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How to Make Beats for Drake and 21 Savage

how to sample like sampling tutorial Jul 30, 2022

[Watch this post up above]

Hello beautiful person, welcome back to the blog.

My name is Chu and today we’ll be making a beat like the song “Jimmy Cooks” from Drake's most recent project, “Honestly, Nevermind.”

I’m not going to waste your time because we have a lot to cover.

So let’s just jump right in.

The first important part of all this is to understand the structure of Jimmy Cooks.

The beat is actually 2 in 1.

So let’s focus on the first section for now, and then will get to the switch up later.

Jimmy Cooks intros with a Phonk-esque sample which comes from Playa Fly’s “Just Awaken Shaken” which released in 1995.

To mimic this, I found a sample on Tracklib that was similar by using the search parameters on the “all tracks” page.

I ended up using the song “Like You” by… Kock D Zel (Lol prime name choice, wow).

The next thing we needed was some kind of horn sample.

In Jimmy Cooks, there’s a sax (at least I think it’s a sax) that plays throughout the entire song.

With some research, I found out that this sample comes from a song called “You Were Good” by Brook Benton and it was released in 1976.

So back to Tracklibs “All tracks” page I went to enter even more search parameters in order to find the perfect sample.

I actually could not find anything here, and almost gave up on this entire video all together.

But, Tracklib being the literal clutch machine that it is, had a crate just for horn samples.

It was as if God HIMSELF wanted me to finish this video.

After a bit of digging, I found this - “I’ll show you the way” by Norman Feels.

It was like genuine magic when I heard this because I knew this beat was a wrap from here.

And that’s gotta be the main reason I love Tracklib.

They ALWAYS have something I can work with.

They are the world’s first and only online record store.

They have over 100,000 pre-cleared songs for you to sample right now, including pieces from artists like Isaac Hayes, The Meditations, and Louis Armstrong.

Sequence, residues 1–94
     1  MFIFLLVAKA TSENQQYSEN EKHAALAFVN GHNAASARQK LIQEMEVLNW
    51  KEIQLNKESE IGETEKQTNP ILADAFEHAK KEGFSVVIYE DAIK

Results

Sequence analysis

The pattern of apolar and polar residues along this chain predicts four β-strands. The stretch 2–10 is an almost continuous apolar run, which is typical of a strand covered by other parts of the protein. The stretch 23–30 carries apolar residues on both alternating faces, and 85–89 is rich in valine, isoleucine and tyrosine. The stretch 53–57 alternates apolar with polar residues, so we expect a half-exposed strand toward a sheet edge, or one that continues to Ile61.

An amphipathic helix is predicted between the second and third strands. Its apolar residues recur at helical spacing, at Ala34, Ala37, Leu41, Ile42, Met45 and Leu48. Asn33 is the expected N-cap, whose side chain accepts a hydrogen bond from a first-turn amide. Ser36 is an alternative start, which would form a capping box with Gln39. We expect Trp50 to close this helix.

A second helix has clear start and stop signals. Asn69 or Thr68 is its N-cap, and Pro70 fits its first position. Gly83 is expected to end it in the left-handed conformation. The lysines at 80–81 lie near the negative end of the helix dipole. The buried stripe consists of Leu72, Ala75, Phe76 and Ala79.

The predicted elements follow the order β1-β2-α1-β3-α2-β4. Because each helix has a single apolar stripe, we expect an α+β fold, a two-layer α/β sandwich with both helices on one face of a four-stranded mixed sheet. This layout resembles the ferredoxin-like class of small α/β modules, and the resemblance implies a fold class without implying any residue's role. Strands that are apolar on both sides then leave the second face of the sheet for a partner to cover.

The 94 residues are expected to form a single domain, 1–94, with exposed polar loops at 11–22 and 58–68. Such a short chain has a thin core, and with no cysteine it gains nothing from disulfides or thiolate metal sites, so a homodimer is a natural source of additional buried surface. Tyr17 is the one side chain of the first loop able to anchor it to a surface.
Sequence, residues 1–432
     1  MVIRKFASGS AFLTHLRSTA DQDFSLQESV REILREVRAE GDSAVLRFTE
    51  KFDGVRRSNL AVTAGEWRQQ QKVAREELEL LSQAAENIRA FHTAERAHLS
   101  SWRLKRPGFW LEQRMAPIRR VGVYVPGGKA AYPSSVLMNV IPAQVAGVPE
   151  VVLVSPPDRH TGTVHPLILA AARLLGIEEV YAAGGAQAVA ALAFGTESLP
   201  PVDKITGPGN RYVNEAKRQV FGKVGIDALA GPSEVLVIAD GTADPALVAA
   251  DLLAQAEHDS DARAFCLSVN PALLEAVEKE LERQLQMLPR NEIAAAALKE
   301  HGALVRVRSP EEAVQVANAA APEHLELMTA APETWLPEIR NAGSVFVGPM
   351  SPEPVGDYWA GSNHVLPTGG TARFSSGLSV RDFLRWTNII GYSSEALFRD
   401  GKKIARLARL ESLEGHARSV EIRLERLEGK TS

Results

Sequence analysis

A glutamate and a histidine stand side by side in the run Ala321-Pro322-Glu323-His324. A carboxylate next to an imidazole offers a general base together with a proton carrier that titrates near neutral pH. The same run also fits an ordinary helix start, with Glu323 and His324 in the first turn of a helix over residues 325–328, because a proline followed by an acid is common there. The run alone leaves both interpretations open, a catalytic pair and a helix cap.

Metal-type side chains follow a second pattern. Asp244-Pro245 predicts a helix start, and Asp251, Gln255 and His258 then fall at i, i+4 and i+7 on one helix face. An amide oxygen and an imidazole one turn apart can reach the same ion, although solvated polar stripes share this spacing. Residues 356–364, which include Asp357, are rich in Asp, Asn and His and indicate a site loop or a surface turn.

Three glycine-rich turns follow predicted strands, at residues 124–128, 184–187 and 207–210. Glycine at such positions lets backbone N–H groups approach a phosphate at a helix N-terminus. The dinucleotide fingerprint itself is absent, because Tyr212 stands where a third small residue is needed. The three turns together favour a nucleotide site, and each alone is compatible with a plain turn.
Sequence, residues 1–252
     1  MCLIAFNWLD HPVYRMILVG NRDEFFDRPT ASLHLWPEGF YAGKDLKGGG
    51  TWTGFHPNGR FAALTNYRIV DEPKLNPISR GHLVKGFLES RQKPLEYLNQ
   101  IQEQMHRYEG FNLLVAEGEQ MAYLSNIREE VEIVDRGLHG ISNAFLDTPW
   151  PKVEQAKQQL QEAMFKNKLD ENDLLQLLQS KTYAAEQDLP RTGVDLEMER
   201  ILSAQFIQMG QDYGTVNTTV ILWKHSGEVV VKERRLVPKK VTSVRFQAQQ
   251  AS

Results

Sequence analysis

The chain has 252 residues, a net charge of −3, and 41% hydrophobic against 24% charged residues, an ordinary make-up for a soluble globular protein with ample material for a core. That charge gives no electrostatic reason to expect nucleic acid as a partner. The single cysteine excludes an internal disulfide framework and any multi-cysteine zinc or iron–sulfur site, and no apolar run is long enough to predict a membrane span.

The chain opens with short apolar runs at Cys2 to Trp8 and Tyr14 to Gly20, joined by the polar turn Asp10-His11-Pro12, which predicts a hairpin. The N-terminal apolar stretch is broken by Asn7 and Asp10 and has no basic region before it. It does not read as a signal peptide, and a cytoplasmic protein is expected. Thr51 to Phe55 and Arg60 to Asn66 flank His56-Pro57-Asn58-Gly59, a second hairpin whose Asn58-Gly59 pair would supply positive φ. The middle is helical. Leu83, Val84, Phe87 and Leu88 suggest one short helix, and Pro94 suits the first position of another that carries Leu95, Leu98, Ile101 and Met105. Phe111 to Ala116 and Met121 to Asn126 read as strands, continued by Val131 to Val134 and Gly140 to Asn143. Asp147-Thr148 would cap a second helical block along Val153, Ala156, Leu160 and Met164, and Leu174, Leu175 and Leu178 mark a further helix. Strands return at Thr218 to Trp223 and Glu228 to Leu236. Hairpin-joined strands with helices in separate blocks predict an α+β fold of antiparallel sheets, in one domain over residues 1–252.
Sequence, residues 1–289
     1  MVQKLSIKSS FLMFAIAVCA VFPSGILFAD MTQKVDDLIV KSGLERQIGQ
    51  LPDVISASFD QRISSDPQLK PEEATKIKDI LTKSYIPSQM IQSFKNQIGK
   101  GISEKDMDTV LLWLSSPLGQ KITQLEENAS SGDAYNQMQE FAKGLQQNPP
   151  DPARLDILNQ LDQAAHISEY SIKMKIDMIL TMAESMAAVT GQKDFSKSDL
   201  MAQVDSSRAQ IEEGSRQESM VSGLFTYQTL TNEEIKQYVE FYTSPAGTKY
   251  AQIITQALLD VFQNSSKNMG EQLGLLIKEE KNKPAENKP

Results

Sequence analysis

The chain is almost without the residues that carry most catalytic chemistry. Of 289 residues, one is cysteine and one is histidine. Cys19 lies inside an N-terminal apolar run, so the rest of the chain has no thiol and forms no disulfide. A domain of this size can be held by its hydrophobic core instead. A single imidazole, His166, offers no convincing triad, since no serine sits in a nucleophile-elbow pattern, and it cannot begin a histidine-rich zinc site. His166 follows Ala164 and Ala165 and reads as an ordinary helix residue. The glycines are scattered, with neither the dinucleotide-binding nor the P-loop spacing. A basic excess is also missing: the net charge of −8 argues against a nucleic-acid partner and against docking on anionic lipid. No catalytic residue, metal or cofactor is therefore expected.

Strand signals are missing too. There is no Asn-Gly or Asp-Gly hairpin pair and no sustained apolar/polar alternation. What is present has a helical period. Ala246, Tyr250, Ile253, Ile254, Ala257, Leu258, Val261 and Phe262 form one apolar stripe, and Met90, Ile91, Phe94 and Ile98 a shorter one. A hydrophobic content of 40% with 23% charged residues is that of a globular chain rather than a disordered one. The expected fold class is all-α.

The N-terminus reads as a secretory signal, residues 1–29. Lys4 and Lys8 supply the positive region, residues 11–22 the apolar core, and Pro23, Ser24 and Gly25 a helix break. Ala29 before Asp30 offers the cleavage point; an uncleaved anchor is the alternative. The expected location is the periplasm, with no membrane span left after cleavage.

This means you can log into Tracklib and find a real sample to work with in minutes, which is insanely dope.

Using these search parameters, I could filter for songs that were exactly the vibe I was looking for.

Later when I release or place this beat made in the tutorial, I or the artist can go one step further and CLEAR the sample for only 50 USD.

Actually, since 90% of Tracklib’s samples are in the C Category, they can be cleared for just 50 USD each and will allow 2-20% revenue share!

This is a really convenient way to find and clear samples , especially when you compare it to the traditional method of paying anywhere from 5k to 200k USD, drafting many contracts, and going through countless lawyers over an excruciatingly long time.

From experience, I know how difficult this can be.

Therefore, I know Tracklib can save ANY musician from tons of stress and hassle.

Tracklib has given me a special link where you can access their entire platform for 30 days at NO COST.

And they threw in 15 track download tokens so you can get to crate digging right away - go here to take advantage of that so you can start sampling the way producers deserve to.

Huge thank you to the wonderful people over at Tracklib for sponsoring this post and making this DOPE content possible.

So, next, I just had to take some time to key match the samples.

The Sax actually carries the whole melody in Jimmy Cooks, and the vox is pretty much just the intro.

But there are 8 bars right at the beginning where both samples are playing together at the same time.

I pitched my samples to the same key so that I could imitate a similar vibe in my own beat.

Next, I made a simple drum bounce.

Jimmy Cooks also has a very cool bassline. Honestly, it's the most characteristic part of the beat to me.

I laid down my own bass line using Repro-1.

After a bit of mixing, our first beat was done.

Now, we can move on to the second part.

This is the part of the beat where 21 Savage comes in, and, to the best of my knowledge, it isn't a sample.

It really just seems like a switch to a super hard beat, so I wanted to copy that.

I just imagined that I was making a dark melodic banger for 21 savage.

First, I found a sample form my boy Jaz Omens Frequencies pack.

If you don't know who Jaz Omen is, check him out - he’s a literal deity.

Next, I made an insane 808 pattern.

My goal really was to be extra - like i even named the pattern “go crazy” lol

I did this because something similar happens when the beat switches on Jimmy Cooks.

It's just the melody and 808 for a few bars and the sub is going mad the whole time - definitely my style of production.

From there I was done.

I literally just copied over the drum pattern from the first half of the beat, because that’s what it sounds like they did in Jimmy cooks.

It sounds like they used the same drums but just pitched them down to match 21’s darkness.

I hope you learned Something valuable from this.

I think it’s fucking stretch to call "Honestly, Nevermind" 'boring'.

Think Drake is at a point where he can't do anything right, no matter how hard he tries.

So hes done trying to please everyone and is focused on making music that he’s passionate about.

And to be honest, he’s still doing numbers while he’s at it.

Can you really hate it?

I mean, yuo can.

But should you?


Until next time.

Stay happy.

Stay healthy.

And always be creating.

Just make sure it's.

Dope Content Only.

I love you.

And I'll see you soon.



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